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Guam, Guns and Grannies in White Hoods: Save Us From Hank Johnson

The opinions expressed by columnists are their own and do not necessarily represent the views of Townhall.com.

Greetings from the fourth congressional district in Georgia! You know where we are. We are represented by a Buddhist who worries that Guam will fall into the ocean, who saw in his mind’s eye “folks putting on white hoods . . . riding the countryside” because another Congressman (correctly) accused the President of lying, and who believes that guns serve their purpose on firing ranges, “designated hunting areas,” and locked away in safes at home, as he wrote recently in the Atlanta Journal-Constitution. The paper also gave him a forum last September to explain his remarks about the resurgence of the KKK: apparently, Joe Wilson’s remark during President Obama’s healthcare speech represented part of the “alarming increase in extremism, hate speech, threatening behavior and outright racism that has accompanied the decline of reason and civility that tainted [last] summer’s debate.” (Gee, was he thinking about the SEIU thugs?) So my congressman believes that Congress should pass a law to trump Georgia’s new gun law, that law-abiding citizens should be forced to remove their guns from their cars when they drive to the airport to pick up a passenger. And that gagging Joe Wilson with a “resolution” will keep crazed tea-partiers from going into the streets with their flags and signs and starting a race riot.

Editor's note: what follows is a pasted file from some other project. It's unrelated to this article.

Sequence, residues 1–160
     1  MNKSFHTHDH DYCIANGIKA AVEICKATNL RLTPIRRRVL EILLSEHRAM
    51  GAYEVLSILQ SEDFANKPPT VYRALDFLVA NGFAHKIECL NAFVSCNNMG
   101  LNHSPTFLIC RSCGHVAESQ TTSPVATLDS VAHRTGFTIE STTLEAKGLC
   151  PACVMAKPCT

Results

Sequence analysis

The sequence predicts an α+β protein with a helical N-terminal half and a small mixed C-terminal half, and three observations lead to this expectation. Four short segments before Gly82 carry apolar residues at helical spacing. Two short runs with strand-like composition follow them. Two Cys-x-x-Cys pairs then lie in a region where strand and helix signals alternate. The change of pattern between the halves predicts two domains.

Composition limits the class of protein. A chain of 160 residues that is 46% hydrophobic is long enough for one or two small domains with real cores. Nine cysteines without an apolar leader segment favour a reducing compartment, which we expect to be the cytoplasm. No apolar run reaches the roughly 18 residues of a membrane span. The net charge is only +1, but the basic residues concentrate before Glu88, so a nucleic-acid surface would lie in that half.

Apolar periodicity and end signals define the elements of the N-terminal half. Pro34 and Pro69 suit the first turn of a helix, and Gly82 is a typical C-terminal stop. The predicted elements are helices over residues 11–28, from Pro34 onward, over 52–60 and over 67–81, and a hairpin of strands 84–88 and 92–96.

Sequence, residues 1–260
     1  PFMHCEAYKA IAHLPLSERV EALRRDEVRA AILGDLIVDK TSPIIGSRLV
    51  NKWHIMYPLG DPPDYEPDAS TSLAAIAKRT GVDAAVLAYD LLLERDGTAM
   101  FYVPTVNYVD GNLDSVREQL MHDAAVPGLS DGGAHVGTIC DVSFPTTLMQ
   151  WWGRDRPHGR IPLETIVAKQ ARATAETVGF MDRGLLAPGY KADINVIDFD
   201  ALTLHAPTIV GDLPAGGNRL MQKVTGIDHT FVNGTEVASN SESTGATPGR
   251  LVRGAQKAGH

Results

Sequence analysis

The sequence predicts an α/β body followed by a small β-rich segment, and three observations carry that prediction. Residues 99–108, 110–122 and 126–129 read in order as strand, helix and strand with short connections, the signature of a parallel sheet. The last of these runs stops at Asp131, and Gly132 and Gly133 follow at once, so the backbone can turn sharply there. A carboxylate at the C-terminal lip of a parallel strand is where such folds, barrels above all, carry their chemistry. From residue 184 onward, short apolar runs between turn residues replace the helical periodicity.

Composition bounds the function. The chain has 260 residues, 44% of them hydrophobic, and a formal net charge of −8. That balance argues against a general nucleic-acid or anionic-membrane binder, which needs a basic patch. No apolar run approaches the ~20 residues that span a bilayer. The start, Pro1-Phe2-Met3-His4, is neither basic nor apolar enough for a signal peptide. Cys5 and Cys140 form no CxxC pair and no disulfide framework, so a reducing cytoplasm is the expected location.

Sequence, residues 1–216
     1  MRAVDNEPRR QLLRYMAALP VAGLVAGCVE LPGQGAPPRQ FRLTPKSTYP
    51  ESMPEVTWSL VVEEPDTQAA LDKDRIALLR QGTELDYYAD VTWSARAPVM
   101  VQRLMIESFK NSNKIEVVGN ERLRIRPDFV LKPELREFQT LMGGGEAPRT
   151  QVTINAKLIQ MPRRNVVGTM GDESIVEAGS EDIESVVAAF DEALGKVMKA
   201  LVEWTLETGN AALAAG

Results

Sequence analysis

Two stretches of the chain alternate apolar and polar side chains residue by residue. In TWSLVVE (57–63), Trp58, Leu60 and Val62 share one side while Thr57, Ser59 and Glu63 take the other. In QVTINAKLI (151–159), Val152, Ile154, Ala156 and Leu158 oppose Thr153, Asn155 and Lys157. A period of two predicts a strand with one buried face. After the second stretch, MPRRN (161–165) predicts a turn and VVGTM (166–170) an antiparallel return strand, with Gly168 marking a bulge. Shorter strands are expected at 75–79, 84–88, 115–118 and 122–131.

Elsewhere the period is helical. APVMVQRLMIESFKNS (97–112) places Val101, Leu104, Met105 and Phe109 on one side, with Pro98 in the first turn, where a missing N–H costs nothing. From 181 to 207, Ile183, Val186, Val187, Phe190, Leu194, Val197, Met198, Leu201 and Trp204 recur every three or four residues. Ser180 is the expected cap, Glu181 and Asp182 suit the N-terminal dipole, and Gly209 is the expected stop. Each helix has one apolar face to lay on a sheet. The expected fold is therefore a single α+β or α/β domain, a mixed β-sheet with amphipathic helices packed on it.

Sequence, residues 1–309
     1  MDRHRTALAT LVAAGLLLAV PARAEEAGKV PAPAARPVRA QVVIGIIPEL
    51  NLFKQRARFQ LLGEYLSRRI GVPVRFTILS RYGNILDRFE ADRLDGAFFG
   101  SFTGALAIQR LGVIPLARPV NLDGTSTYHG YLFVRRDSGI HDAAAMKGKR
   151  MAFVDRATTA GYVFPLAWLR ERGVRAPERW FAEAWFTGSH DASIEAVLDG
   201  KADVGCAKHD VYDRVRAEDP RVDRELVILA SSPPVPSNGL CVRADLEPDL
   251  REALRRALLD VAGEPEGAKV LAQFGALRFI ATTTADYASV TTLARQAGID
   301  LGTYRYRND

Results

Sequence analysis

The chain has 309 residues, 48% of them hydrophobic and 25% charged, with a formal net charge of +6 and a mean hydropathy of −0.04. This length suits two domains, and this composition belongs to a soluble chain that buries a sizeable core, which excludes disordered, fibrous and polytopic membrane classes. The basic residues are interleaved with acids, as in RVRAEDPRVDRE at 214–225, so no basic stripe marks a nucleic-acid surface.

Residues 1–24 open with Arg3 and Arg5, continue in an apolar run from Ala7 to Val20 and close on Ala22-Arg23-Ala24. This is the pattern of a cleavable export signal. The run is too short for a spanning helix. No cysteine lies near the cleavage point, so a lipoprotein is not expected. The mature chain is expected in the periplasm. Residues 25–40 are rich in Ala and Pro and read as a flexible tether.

Currently, there are four Republicans and two other Democrats besides Johnson running for this seat. Johnson seems to be doing little except sending out newsletters bragging about all the stimulus jobs and “job fairs” he is bringing to the residents along Cynthia McKinney Parkway. (Yes, I have to be reminded regularly of our former police-slugging, Hamas-loving representative.)

Rush Limbaugh

During this busy political season, the Atlanta Journal-Constitution has set up a “Truth-O-Meter” to sort through claims, counter-claims, rumor, innuendo, rhetoric, opinion mongering, gossip, and general babble. They promise to help the masses sort through the “issues.”

Here in Atlanta folks are particularly sensitive on the issue of race. The commentators dance like little old ladies holding out lace hankies in a minuet when it comes to delicate things like “reverse racism.” Like a committee called the Black Leadership Forum strategizing on making sure that the next mayor is not of the white persuasion. AJC “Political Insider” columnist Jim Galloway during the election season of 2009 dutifully passed on key politico Aaron Turpeau’s explanation that a convicting memo, circulating for so long that it could no longer be ignored, “was an attempt to form an agenda for Atlanta’s black community”—just like everybody who has an agenda, like “gays” and “Hispanics.” That agenda includes “’economic equality, access to City Hall and respect for those displaced by development,’” according to Turpeau.